ESTIMATION OF THE THICKNESS AND EMULSION RATE OF OIL SPILLED AT SEA USING HYPERSPECTRAL REMOTE SENSING IMAGERY IN THE SWIR DOMAIN
- 1SAS Actimar - 29200 Brest, France
- 2TOTAL E&P - 64000 Pau, France
Keywords: hyperspectral, oil spill, thickness, emulsion rate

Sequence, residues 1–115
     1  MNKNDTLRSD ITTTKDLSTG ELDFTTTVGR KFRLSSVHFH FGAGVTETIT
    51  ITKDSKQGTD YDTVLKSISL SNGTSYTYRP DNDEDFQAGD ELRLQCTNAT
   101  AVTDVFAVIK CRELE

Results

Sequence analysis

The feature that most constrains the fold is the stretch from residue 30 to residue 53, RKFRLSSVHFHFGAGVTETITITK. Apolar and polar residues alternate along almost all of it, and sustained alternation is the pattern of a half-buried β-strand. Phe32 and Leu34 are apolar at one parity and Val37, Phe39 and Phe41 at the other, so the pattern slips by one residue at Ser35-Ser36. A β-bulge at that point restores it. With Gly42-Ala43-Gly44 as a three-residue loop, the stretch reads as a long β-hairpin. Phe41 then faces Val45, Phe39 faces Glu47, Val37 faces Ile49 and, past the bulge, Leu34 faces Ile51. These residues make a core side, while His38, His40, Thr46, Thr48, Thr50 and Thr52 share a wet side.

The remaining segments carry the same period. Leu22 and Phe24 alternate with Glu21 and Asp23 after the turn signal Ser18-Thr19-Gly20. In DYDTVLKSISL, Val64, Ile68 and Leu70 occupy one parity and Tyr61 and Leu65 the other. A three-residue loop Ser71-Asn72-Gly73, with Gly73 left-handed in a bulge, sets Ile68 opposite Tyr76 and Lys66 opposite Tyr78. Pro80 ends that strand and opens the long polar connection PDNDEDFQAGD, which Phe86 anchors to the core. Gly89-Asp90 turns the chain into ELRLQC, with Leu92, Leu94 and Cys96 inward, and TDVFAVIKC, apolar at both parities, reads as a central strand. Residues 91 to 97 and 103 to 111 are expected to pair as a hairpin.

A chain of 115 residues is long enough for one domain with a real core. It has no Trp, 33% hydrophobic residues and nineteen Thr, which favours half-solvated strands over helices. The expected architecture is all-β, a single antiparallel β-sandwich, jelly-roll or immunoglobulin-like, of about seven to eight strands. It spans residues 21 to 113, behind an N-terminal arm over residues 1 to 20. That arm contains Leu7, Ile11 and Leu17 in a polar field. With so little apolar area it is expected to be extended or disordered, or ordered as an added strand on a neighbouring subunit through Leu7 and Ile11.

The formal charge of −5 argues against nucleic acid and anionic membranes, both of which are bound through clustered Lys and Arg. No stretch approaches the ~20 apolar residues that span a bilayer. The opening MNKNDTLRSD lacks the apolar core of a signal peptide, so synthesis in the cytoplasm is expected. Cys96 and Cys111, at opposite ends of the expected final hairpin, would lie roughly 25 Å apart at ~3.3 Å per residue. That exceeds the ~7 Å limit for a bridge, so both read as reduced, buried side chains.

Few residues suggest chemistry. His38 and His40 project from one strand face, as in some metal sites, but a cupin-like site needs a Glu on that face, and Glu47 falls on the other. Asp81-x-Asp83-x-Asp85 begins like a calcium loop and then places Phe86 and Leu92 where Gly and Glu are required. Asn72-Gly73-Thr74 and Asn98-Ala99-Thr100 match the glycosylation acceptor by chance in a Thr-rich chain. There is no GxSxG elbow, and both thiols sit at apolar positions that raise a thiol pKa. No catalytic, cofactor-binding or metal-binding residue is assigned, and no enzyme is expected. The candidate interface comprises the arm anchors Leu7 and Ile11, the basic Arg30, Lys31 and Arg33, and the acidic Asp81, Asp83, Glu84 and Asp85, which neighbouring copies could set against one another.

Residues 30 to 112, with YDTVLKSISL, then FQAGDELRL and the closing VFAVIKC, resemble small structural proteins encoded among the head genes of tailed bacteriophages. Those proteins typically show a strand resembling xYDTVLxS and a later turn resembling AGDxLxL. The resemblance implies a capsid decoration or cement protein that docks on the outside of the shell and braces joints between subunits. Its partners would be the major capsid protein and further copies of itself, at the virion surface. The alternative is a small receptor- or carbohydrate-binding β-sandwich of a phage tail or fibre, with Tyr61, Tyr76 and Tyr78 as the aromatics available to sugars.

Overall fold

Abstract. The thickness and the emulsion rate of an oil spill are two key parameters allowing to design a tailored response to an oil discharge. If estimated on per pixel basis at a high spatial resolution, the estimation of the oil thickness allows the volume of pollutant to be estimated, and that volume is needed in order to evaluate the magnitude of the pollution, and to determine the most adapted recovering means to use. The estimation of the spatial distribution of the thicknesses also allows the guidance of the recovering means at sea. The emulsion rate can guide the strategy to adopt in order to deal with an offshore oil spill: efficiency of dispersants is for example not identical on a pure oil or on an emulsion. Moreover, the thickness and emulsion rate allow the amount of the oil that has been discharged to be estimated. It appears that the shape of the reflectance spectrum of oil in the SWIR range (1000–2500nm) varies according to the emulsion rate and to the layer thickness. That shape still varies when the oil layer reaches a few millimetres, which is not the case in the visible range (400–700nm), where the spectral variation saturates around 200 μm (the upper limit of the Bonn agreement oil appearance code). In that context, hyperspectral imagery in the SWIR range shows a high potential to describe and characterize oil spills. Previous methods which intend to estimate those two parameters are based on the use of a spectral library. In that paper, we will present a method based on the inversion of a simple radiative transfer model in the oil layer. We will show that the proposed method is robust against another parameter that affects the reflectance spectrum: the size of water droplets in the emulsion. The method shows relevant results using measurements made in laboratory, equivalent to the ones obtained using methods based on the use of a spectral library. The method has the advantage to release the need of a spectral library, and to provide maps of thickness and emulsion rate values per pixel. The maps obtained are not composed of regions of thickness ranges, such as the ones obtained using discretized levels of measurements in the spectral library, or maps made from visual observations following the Bonn agreement oil appearance code.